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There is an irony in Senator Dick Black’s fears that removing monuments would constitute “erasing our history,” while he simultaneously asserts that, “None of those soldiers fought to defend slavery.”

As a historian who literally wrote his dissertation on Loudoun County, I can say unequivocally some Loudoun Confederates did fight for slavery. You need look no further than the most famous Confederate in Loudoun’s history: Col. John Singleton Mosby, the “Grey Ghost” himself. Writing to a friend in 1907, Mosby complained that former Confederates were retroactively rewriting the cause of the war to make their fight seem more noble 40 years after the fact. In the letter Mosby argued southerners should stop trying to hide what they fought for, saying, “People must be judged by the standard of their own age. If it was right to own slaves as property it was right to fight for it. The South went to war on account of Slavery. South Carolina went to war – as she said in her Secession proclamation – because slavery wd. not be secure under Lincoln. South Carolina ought to know what was the cause for her seceding. [...] I am not ashamed of having fought on the side of slavery.”

I think Mosby knew better than Sen. Black what he and his men fought for.

As a veteran Mosby disliked his former comrades erasing their own personal histories to seem more valiant; as a historian, I dislike politicians making up alternative facts about the nation’s past to win cheap political points. Whether people should be judged by the standard of their own age or not is a separate debate, but as Americans engage in current debates about Confederate monuments we must avoid the temptation to make up facts.  Whatever you believe about the future of monuments, we should all strive to keep this debate historically accurate, especially those who accuse others of trying to “erase history.”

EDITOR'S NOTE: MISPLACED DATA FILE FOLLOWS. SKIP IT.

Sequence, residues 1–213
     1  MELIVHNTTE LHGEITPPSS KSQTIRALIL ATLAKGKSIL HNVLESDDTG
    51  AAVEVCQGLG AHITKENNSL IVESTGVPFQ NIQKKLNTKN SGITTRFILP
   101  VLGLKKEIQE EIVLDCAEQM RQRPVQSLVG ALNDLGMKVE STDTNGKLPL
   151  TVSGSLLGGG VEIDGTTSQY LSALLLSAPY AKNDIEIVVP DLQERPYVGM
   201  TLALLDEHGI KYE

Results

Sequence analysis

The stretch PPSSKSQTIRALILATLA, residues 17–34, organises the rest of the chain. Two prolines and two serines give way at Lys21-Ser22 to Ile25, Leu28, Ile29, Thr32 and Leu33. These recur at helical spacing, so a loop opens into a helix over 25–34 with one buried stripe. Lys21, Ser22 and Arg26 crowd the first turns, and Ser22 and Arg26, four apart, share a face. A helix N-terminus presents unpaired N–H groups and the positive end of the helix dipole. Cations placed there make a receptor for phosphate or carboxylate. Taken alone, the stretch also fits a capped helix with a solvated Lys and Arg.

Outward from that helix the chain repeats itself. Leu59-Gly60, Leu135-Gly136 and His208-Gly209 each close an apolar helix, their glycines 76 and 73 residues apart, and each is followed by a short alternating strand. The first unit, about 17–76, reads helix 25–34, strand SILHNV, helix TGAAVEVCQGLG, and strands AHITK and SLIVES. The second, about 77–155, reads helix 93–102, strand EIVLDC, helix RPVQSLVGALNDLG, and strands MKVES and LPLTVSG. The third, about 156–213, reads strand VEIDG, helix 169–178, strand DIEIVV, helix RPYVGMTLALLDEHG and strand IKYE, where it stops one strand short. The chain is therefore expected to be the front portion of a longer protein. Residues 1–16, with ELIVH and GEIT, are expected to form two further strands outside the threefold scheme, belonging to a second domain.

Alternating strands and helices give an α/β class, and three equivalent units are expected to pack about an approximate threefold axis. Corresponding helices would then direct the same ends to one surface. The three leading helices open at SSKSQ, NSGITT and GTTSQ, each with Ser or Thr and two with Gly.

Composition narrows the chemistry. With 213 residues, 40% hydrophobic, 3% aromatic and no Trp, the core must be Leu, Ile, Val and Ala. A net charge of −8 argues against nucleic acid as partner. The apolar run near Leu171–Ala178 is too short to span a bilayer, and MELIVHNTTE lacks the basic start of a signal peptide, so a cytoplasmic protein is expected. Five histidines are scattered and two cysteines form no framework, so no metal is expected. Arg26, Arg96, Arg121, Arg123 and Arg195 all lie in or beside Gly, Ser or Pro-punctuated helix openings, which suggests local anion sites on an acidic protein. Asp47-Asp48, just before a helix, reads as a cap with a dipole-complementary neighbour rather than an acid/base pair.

While the senator can’t imagine soldiers at Pickett’s Charge fighting for slavery, the soldiers who died there could and did just that.


Dr. Adam H. Domby, Assistant Professor of History at College of Charleston (S.C.)

The views expressed here are the author’s alone.


Is Senator Black’s war on facts similar to the Democrats war on our Heritage and Culture? If so, I’m happy to defend Senator Black.

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